By Angela Wittman
|My mother, Marsha Somers, in the mid 1970's|
I've been thinking about the values I was taught as a child and the example my mother set before me who passed away from an aggressive form of cancer 21 years ago. I think the lessons she tried to impart were based upon her Christian upbringing, and while she had strayed from the church, she didn't stray too far from Christian morals.
If there is any wisdom mom would want to impart to her granddaughters, great-granddaughters and nieces, it would be to seek the Lord first in your life and then pattern your life after women in the Bible and other authentic Christian women found throughout history.
So, while mom wasn't perfect, (she had a famous Scottish temper), she did find peace, love and forgiveness at the cross of Christ before her death. I still marvel at the change that came over her as her heart softened and her mind was renewed with the Word of God. I also remember how accepting she was when we found out she had advanced cancer that could not be treated. After her diagnosis, we stopped at McDonald's for coffee and while I went inside for the order, she stayed in the car and made her peace with God. We didn't say much on the drive home, but we knew life would never be the same for both of us. She had always been the strong one, the caregiver, and I was her youngest child, plus the only daughter in the family. I depended on her even after my marriage and the births of my sons, and she was always there to lend a helping hand or a shoulder for me to cry on.
I remember when feminism was at it's peak in the mid 1970's and I was certainly under its influence with feminist role models on television and in the movies who were strong, and I thought, beautiful. As you can see from the above photo, my mother was every inch the fashionable lady and exuded self-confidence. But, believe it or not, she was not only opposed to feminism, it appalled her. I remember her admonishing me to not be like "those women on television who were burning their bras" and seeking to be just like men. She taught me to marry a man who would take care of and protect me, which I did. And while mom had strong opinions about morality and social issues, (she was opposed to abortion and homosexuality), she didn't vote. I once asked her why she wasn't registered to vote and her response was my father voted for the family.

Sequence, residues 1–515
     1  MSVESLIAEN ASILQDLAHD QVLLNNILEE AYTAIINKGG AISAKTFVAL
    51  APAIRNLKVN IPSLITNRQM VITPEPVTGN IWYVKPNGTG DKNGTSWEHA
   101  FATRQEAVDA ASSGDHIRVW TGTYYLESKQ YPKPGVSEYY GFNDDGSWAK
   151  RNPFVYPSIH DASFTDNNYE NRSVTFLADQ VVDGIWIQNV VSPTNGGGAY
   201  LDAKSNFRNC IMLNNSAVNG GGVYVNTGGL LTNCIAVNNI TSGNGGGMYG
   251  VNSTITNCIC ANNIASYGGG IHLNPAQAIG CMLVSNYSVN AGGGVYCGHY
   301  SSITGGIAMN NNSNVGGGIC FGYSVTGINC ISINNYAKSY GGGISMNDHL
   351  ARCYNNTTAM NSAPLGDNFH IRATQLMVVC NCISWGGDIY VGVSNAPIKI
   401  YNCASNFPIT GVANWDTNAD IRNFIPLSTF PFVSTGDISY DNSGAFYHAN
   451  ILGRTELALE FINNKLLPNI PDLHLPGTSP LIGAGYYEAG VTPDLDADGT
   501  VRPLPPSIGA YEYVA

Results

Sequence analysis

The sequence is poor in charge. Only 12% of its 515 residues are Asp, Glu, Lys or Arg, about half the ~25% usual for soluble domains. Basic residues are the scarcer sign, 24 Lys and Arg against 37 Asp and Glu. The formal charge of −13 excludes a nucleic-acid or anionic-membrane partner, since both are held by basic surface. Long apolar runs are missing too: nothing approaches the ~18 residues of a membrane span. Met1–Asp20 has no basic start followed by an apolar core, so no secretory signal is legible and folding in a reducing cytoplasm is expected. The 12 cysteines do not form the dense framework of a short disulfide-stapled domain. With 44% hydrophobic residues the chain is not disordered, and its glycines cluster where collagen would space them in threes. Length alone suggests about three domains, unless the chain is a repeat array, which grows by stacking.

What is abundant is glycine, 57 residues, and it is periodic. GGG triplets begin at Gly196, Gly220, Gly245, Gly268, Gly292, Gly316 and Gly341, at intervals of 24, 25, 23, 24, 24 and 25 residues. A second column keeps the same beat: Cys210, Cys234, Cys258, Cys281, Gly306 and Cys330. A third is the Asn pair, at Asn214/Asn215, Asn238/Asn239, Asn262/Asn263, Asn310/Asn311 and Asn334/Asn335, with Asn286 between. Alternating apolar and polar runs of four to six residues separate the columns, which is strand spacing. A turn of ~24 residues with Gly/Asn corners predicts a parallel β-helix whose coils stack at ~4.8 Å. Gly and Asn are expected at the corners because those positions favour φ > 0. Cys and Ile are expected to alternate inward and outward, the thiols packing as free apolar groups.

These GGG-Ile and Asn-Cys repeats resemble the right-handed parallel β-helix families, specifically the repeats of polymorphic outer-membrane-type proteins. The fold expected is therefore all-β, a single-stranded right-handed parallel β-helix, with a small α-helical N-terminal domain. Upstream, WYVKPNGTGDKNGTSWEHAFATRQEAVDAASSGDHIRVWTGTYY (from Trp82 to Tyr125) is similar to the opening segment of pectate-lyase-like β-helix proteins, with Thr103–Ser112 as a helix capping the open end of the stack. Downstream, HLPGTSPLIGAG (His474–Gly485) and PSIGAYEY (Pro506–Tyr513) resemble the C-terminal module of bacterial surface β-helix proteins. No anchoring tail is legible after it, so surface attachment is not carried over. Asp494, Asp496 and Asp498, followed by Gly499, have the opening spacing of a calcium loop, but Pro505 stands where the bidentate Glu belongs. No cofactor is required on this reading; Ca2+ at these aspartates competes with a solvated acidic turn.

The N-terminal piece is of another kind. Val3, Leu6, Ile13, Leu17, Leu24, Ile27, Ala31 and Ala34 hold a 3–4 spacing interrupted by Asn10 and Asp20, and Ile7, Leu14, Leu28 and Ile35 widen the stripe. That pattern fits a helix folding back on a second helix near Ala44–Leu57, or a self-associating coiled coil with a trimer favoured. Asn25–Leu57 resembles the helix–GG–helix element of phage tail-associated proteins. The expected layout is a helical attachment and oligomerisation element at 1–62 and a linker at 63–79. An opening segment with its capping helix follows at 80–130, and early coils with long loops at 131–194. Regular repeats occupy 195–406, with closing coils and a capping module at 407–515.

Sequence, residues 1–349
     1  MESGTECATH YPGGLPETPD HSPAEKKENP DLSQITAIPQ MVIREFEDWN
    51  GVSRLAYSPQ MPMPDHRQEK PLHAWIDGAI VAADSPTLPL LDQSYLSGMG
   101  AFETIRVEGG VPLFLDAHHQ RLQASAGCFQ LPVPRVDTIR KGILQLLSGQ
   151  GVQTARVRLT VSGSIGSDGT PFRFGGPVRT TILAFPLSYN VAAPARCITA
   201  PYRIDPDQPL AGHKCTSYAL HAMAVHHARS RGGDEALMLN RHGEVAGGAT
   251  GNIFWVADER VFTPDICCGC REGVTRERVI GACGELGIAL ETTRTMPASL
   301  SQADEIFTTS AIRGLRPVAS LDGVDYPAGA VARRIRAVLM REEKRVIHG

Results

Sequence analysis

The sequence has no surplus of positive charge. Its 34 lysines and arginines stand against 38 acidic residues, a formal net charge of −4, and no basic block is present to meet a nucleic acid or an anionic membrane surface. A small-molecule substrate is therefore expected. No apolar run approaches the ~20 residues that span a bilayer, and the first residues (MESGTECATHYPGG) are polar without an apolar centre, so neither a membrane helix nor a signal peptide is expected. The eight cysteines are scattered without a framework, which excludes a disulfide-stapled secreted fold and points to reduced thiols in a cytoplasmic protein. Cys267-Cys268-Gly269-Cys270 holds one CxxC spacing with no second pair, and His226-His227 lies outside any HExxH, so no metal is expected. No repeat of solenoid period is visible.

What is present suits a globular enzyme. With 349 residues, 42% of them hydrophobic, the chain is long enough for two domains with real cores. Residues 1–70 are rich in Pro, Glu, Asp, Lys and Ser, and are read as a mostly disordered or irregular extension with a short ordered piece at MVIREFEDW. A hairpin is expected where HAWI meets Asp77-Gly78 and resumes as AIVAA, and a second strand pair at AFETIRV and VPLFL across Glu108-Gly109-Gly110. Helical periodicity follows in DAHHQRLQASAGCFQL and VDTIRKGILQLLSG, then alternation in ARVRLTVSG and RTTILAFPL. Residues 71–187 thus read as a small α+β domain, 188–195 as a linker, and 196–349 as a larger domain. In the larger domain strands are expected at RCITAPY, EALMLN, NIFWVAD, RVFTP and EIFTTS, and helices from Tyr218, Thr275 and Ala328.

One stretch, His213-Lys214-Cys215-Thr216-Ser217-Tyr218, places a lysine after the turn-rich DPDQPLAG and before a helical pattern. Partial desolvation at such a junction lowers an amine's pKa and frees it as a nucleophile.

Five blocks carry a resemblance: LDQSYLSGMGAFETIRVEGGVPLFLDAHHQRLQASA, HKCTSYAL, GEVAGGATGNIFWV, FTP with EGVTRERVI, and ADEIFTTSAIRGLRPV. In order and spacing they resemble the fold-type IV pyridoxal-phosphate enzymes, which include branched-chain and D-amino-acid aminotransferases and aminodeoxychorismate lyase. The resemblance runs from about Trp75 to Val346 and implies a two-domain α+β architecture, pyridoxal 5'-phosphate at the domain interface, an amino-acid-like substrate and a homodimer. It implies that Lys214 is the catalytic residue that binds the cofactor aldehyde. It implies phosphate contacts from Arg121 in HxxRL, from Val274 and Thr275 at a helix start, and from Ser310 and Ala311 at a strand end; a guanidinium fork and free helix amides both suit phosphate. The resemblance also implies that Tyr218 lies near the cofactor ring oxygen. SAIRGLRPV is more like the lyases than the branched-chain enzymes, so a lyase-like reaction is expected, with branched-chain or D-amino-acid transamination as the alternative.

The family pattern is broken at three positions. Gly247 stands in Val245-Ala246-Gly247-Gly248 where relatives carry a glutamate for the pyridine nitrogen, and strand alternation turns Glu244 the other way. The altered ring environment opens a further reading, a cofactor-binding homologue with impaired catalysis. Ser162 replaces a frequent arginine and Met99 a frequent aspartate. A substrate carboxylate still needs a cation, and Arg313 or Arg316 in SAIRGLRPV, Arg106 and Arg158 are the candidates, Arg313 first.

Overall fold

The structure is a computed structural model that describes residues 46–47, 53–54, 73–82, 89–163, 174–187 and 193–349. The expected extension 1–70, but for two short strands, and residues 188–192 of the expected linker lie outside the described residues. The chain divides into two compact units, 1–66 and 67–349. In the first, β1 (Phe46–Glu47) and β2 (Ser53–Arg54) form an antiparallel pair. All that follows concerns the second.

So, dear reader, take another look at what passes today for femininity and then compare it to your mother and let's tell the next generation how to be real women of strength, beauty and moral character.
Proverbs 31:10-31 (KJV)
10 Who can find a virtuous woman? for her price is far above rubies.
11 The heart of her husband doth safely trust in her, so that he shall have no need of spoil.
12 She will do him good and not evil all the days of her life.
13 She seeketh wool, and flax, and worketh willingly with her hands.
14 She is like the merchants' ships; she bringeth her food from afar.
15 She riseth also while it is yet night, and giveth meat to her household, and a portion to her maidens.
16 She considereth a field, and buyeth it: with the fruit of her hands she planteth a vineyard.
17 She girdeth her loins with strength, and strengtheneth her arms.
18 She perceiveth that her merchandise is good: her candle goeth not out by night.
19 She layeth her hands to the spindle, and her hands hold the distaff.
20 She stretcheth out her hand to the poor; yea, she reacheth forth her hands to the needy.
21 She is not afraid of the snow for her household: for all her household are clothed with scarlet.
22 She maketh herself coverings of tapestry; her clothing is silk and purple.
23 Her husband is known in the gates, when he sitteth among the elders of the land.
24 She maketh fine linen, and selleth it; and delivereth girdles unto the merchant.
25 Strength and honour are her clothing; and she shall rejoice in time to come.
26 She openeth her mouth with wisdom; and in her tongue is the law of kindness.
27 She looketh well to the ways of her household, and eateth not the bread of idleness.
28 Her children arise up, and call her blessed; her husband also, and he praiseth her.
29 Many daughters have done virtuously, but thou excellest them all.
30 Favour is deceitful, and beauty is vain: but a woman that feareth the Lord, she shall be praised.
31 Give her of the fruit of her hands; and let her own works praise her in the gates.